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Apr 23 2014

Waiting on Wednesday {36}

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Waiting On Wednesday is originally hosted by Jill at Breaking the Spine, but we just love this meme so much we had to tag along! Each Wednesday, one of the Lit Up Review writers will post a book she is looking forward to, along with the summary and cover. You can find all of these posts by clicking on the category button and selecting “Waiting on Wednesday,” and fill up your Goodreads shelves with great books to get excited about!

18195957Inland by Kat Rosenfield | Goodreads
Release Date: June 12, 2014
Publisher: Dutton Juvenile

After nine years spent suffocating in the arid expanses of the Midwest, far from the sea where her mother drowned, Callie Morgan and her estranged father are returning to the coast. And miraculously, Callie can finally breathe easily. No more sudden, clawing attacks and week-long hospital stays. No more wary, pitying glances from classmates and teachers. She can be more than a sickly freak, coughing her way between nondescript inland towns every year.

But something waits for Callie in the water. Just as her life begins to feel like her own, with an almost-family and a first love and a circle of loud-mouthed friends, her body starts to rebel in new ways. She finds herself fighting the intoxicating pull of the black waters right outside her window. Her dreams turn wild and real, and she wakes up with salt water in her hair. Family secrets and whispering doubts flood her brain as she leads herself and those around her into danger, jeopardizing everything she once longed for. Is it madness, or is there a voice, beckoning her to come to the sea’s deepest heart; to come home?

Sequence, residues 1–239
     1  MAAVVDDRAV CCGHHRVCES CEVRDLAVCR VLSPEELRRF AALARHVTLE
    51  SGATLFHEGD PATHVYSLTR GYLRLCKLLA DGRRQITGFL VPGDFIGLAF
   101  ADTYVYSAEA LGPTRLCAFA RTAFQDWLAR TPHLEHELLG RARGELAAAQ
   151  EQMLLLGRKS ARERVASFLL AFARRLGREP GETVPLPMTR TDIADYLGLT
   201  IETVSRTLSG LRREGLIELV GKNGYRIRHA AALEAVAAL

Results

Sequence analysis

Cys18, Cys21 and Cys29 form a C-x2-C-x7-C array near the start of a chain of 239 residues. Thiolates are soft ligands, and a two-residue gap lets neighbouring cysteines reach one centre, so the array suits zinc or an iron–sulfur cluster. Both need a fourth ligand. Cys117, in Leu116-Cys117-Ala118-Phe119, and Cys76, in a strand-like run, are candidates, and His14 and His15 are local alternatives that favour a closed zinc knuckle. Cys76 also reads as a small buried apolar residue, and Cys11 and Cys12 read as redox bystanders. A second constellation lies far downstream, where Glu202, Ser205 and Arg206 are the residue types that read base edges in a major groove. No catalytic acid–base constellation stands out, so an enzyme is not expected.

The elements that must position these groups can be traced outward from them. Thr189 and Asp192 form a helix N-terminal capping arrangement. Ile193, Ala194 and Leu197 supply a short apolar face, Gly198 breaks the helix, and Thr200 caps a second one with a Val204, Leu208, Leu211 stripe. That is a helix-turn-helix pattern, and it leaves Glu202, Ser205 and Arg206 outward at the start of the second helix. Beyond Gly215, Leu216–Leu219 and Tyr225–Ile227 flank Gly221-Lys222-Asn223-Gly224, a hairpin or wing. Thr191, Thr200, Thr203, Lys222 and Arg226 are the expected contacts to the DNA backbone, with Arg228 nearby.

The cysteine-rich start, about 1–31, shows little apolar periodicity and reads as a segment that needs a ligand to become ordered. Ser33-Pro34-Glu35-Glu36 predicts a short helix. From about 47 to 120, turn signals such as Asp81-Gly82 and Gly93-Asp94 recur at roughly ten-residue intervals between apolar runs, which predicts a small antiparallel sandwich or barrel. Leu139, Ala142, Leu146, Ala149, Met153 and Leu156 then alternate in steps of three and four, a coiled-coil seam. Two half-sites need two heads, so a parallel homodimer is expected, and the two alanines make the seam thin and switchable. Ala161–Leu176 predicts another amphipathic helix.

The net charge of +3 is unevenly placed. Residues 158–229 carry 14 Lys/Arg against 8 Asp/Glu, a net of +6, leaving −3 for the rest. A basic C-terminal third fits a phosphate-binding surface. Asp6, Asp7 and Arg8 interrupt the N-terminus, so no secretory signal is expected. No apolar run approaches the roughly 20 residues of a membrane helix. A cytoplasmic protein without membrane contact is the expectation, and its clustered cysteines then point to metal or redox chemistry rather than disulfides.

This book sounds wonderfully weird, and after getting a taste of the author’s gorgeous writing in her debut, Amelia Anne is Dead and Gone, I have little doubt that she will be able to pull off this strange, psychological plot. The premise, especially when combined with the great cover, is enough to make me wish it was June already.

Apr 22 2014

Tease by Amanda Maciel

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18599901Novel: Tease by Amanda Maciel | Goodreads
Release Date: April 29th, 2014
Publisher: Balzer + Bray
Format: ARC
Source: BookPeople Teen Reviewing

From debut author Amanda Maciel comes a provocative and unforgettable novel, inspired by real-life incidents, about a teenage girl who faces criminal charges for bullying after a classmate commits suicide.

Emma Putnam is dead, and it’s all Sara Wharton’s fault. At least, that’s what everyone seems to think. Sara, along with her best friend and three other classmates, has been criminally charged for the bullying and harassment that led to Emma’s shocking suicide. Now Sara is the one who’s ostracized, already guilty according to her peers, the community, and the media. In the summer before her senior year, in between meetings with lawyers and a court-recommended therapist, Sara is forced to reflect on the events that brought her to this moment—and ultimately consider her own role in an undeniable tragedy. And she’ll have to find a way to move forward, even when it feels like her own life is over.